LifeHack: Brain Shutdown

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The quick recharge technique no one taught you

When was the last time you took your brain offline? During the day?

Giving your brain regular breaks has all kinds of benefits.

What is a brain shutdown?

Basically, it’s quiet time. Shutting down means letting yourself withdraw from sensory input. It means sitting quietly with no sound or interaction and no light (using an eye mask is best) so there is nothing for the brain to process.

What happens during a brain shutdown?

A shutdown allows the brain to rest and reset. A 5-minute shutdown can have some of the benefits of a much longer nap because it helps the brain recharge.

What are the benefits of brain shutdowns?

During a quiet period, the brain gets a chance to notice if it’s overwhelmed. With regular pauses or rests each day, the brain stands a better chance of keeping up with the day. You may notice an improvement in emotions, thoughts, or attitudes. You may notice that it’s easier to stay in the moment, see situations clearly and make decisions. Your brain may process things more quickly. You may be more productive on days when you’ve given your brain regular shutdown periods.

What are some of the conditions that need brain shutdowns the most?

Pressures on the brain come from many sources, including:

  • Head injuries—like a swollen ankle, the brain needs to rest before it can recover
  • Trauma—keeping you out of fight or flight, having hypervigilance
  • Dyslexia—the brain is working twice as hard
  • Focus/attention/sensory issues—the brain gets overwhelmed quicker
  • Anxiety—the brain is too amped up and it can’t slow down
  • Depression—the brain is overwhelmed and can’t make connections
  • Highway hypnosis—the brain is exhausted from too much visual coming at a rapid pace

Help me understand the importance of resting the brain.

We use our eyes and ears all day long. Even driving a car can create too much stimulation. This makes us fatigued. Even a blow, bump or jolt to the head is the brain hitting the skull from the inside. But we aren’t used to thinking of brain injuries the same way as other injuries.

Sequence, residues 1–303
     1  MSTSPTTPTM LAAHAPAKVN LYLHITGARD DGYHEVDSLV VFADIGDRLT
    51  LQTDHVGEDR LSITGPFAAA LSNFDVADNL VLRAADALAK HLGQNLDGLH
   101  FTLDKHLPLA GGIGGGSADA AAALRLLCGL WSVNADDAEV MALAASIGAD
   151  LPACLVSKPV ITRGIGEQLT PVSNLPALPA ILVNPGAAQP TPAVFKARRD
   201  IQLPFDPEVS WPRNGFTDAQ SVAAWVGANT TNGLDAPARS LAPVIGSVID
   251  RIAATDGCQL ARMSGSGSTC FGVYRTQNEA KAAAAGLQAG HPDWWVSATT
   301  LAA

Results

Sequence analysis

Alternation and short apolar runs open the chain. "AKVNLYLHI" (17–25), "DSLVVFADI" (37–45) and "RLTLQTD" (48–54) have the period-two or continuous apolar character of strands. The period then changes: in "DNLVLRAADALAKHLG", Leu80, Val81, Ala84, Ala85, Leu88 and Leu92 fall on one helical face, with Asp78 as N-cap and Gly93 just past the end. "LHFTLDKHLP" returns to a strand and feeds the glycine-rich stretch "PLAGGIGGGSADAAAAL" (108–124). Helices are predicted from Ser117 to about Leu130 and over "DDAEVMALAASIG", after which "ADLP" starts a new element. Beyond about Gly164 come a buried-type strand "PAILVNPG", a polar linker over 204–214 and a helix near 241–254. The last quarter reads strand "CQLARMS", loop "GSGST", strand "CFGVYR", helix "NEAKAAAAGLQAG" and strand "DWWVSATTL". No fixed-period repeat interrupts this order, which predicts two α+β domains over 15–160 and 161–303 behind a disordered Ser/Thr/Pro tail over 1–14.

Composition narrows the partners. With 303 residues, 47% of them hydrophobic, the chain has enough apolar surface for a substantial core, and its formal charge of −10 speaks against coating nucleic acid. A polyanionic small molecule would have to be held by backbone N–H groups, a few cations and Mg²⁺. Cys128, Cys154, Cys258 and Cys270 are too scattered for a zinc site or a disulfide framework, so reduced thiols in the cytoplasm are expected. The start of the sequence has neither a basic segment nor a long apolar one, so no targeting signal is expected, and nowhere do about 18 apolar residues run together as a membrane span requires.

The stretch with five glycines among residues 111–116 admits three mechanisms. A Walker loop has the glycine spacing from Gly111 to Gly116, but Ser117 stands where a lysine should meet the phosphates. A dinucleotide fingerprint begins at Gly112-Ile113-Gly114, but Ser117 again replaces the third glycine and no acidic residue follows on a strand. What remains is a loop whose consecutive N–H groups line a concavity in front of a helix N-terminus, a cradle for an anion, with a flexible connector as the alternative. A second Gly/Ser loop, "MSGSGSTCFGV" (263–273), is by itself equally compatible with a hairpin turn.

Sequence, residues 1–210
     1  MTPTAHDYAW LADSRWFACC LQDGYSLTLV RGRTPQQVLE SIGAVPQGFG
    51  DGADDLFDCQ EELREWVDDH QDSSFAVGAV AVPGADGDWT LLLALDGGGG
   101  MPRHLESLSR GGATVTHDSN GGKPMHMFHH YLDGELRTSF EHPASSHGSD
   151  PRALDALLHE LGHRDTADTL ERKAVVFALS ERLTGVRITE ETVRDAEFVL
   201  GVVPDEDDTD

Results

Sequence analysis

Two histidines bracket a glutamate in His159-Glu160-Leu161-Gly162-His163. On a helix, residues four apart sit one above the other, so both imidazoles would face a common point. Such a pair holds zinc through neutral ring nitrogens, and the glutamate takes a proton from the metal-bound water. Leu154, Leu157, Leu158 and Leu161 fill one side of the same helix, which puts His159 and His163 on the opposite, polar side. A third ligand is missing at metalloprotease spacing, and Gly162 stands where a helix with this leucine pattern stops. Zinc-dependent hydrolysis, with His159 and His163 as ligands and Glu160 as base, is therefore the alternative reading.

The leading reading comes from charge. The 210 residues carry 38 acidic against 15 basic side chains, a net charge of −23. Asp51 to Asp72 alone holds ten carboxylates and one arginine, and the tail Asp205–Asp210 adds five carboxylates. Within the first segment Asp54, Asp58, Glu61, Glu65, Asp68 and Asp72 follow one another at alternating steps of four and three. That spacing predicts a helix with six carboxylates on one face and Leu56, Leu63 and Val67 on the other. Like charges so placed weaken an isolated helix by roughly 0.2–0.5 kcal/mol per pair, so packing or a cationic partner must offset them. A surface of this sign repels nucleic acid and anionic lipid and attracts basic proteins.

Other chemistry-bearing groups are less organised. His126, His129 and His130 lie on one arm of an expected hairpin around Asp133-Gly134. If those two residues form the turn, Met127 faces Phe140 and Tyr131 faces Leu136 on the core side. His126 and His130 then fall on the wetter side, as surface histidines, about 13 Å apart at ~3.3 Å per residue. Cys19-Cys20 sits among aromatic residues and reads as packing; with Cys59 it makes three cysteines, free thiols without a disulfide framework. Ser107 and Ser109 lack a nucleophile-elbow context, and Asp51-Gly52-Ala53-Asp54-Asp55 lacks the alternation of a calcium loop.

Think of a sprained ankle. There is pain, and it needs ice, elevation, and rest to recover. Yet with concussions, often there is no pain, or the effects may show up much later, so people assume nothing is wrong. But the healing process is the same: the brain needs extended rest to recover. And like the sprained ankle, if you use it before it has recovered, it will aggravate the injury.

What do regular shutdowns look like?

Use a dark black eye mask and noise-canceling headphones. Practice 1-3 minutes at a time, up to 6-8 times per day. Use work breaks and lunch periods. Do a shutdown before you drive home on the brain you used all day at work.

Those with hearing loss may need to cut the sound out first, it can be stressful for the brain to figure out sounds.

Keep a journal. Notice things like fatigue, the ability to stay present and focused, and mental or emotional capacity. Write down what you notice.

What do your clients say about brain shutdowns?

Madison Brain Center clients notice they are not as grumpy, sleep better at night, have an easier time learning and memorizing, can do homework more easily, and can parent and problem-solve better. They also say they are not as touchy, less irritable, less reactive, and have more confidence.

Contact us today for more information – you can call us or use the contact form.

608.467.7916

 

Movement grows the brain. The more you move, the more the brain grows.

Madison Brain Center